The 31 largest banks in the United States passed the first phase of regulatory stress tests, the Federal Reserve announced Thursday.
But the three leading investment banks Goldman Sachs, JPMorgan Chase and Morgan Stanley were among the worst performers, mainly because of their greater exposures to capital markets.
In tests of their strength to withstand a severe economic crisis -- one worse than that of 2008 -- all the banks proved capable of maintaining more than the minimum 5.0 percent level of core capital.
At that level, the Fed believes that the banks will not weigh the economy down and will be able to continue supporting economic activity -- which was not the case during the crisis.
But the tests showed the investment banks with the largest exposure to capital markets came out among the weakest: Goldman's Tier 1 capital ratio fell to 6.3 percent, JPMorgan 6.5 percent, and Morgan Stanley 6.2 percent.
The worst performer, as in last year's stress tests, was Zions Bancorp of Salt Lake City, which barely topped the minimum with a core capital ratio of 5.1 percent.
Also coming in low in the severe-crisis scenario was BBVA Compass Bancshares, at 6.3 percent.
- Industry growing stronger -
But as a group the banks were stronger than in the 2014 tests, and it was the first time that no bank had fallen under the 5.0 percent level since the tests began in 2009.
Their average actual Tier 1 capital ratio going into the test was 11.9 percent, up from 11.5 percent a year ago. In the test the group average fell to 8.2 percent, compared with 7.6 percent last year.
"The largest US-based bank holding companies continue to build their capital levels and to strengthen their ability to lend to households and businesses during a period marked by severe recession and financial market volatility," the Fed said.
The tests, instituted in the wake of the 2008 crisis which bared extreme vulnerabilities in the banking system, sought to determine if individual banks and the system as a whole could weather a prolonged recession in which the economy contracts 4.5 percent in one year and the unemployment rate shoots up four percentage points.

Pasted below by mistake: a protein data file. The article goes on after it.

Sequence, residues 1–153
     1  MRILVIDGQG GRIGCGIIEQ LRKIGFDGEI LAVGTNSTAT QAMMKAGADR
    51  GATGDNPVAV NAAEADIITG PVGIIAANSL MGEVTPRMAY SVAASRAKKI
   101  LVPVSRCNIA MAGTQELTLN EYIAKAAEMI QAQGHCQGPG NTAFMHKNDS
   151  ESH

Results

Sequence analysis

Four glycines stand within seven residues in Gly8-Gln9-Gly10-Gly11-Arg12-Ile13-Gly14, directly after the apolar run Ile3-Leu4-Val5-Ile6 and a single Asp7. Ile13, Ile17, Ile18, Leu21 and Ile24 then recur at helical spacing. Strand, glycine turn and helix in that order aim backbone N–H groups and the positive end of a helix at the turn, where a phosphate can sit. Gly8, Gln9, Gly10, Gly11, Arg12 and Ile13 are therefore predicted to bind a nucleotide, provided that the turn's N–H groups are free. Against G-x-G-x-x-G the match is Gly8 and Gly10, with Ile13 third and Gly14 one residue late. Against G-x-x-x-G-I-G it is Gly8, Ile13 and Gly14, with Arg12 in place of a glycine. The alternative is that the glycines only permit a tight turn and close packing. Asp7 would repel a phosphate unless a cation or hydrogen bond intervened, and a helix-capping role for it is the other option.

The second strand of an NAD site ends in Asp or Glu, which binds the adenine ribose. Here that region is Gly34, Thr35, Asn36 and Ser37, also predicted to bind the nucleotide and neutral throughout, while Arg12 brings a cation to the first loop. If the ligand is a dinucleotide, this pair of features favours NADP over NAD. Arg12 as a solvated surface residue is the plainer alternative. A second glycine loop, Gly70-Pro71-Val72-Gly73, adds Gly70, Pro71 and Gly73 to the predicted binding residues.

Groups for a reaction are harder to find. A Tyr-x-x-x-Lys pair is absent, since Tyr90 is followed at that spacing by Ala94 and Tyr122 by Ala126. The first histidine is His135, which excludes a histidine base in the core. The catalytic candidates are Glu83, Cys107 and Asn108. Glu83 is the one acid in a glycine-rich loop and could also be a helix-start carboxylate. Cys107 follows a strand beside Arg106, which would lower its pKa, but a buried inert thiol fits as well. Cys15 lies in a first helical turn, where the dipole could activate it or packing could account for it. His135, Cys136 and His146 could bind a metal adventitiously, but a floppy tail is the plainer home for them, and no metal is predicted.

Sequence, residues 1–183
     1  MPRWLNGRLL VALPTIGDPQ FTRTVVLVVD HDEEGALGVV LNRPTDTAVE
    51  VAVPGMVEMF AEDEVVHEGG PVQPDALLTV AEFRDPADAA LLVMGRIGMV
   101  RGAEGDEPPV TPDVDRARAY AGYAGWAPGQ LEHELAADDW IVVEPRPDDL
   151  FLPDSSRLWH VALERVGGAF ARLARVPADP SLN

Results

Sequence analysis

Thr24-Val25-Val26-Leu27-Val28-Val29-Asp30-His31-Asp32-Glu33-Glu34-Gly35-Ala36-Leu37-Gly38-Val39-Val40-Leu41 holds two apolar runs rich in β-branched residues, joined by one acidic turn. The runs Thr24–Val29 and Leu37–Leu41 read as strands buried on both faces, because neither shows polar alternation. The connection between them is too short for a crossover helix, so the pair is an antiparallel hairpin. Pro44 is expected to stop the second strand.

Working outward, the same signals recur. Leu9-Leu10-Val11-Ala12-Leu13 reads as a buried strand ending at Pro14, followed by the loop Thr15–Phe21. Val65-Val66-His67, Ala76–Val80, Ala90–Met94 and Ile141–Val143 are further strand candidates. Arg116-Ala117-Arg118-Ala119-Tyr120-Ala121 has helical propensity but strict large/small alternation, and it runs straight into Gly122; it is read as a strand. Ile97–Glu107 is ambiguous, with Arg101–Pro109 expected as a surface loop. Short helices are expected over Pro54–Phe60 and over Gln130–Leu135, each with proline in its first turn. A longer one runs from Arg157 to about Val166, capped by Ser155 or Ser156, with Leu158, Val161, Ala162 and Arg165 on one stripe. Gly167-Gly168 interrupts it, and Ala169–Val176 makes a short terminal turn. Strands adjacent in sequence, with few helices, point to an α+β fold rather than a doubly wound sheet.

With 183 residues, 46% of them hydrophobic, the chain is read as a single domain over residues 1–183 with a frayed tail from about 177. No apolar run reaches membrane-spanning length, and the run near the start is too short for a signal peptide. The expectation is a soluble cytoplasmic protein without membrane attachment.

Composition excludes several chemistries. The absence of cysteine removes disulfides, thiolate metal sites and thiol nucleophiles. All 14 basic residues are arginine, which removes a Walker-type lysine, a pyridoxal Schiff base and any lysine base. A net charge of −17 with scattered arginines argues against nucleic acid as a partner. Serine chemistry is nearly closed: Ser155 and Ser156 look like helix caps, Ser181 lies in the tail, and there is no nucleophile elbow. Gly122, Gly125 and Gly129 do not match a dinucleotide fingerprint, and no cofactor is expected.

That scenario wiped out $490 billion worth of bank assets, close to the amount in last year's tests, but overall the banks proved they could stand the test.
The tests added this year the impact of a series of corporate defaults to which the investment banks would be most vulnerable.
Goldman barely topped another key measure of strength, the total risk-based capital ratio. At the end of the test it had 8.1 percent, just above the minimum 8.0 percent threshold.
The Fed made no comment on individual banks, but noted the steady improvement of the industry overall since the crisis.
"Higher capital levels at large banks increase the resiliency of our financial system," Federal Reserve Governor Daniel Tarullo said.
"Our supervisory stress tests are designed to ensure that these banks have enough capital that they could continue to lend to American businesses and households even in a severe economic downturn."
The tests form the basis of the Federal Reserve's review of banks' capital plans, crucially whether they can distribute benefits to shareholders via dividends and share buybacks that effectively reduce their capital base.
Those judgements will come from the Fed next week.
Frank Keating, president of the American Bankers Association, said that with total industry capital of $1.7 trillion, the tests show that banks "are well positioned to continue serving as a critical driver of our economic growth going forward."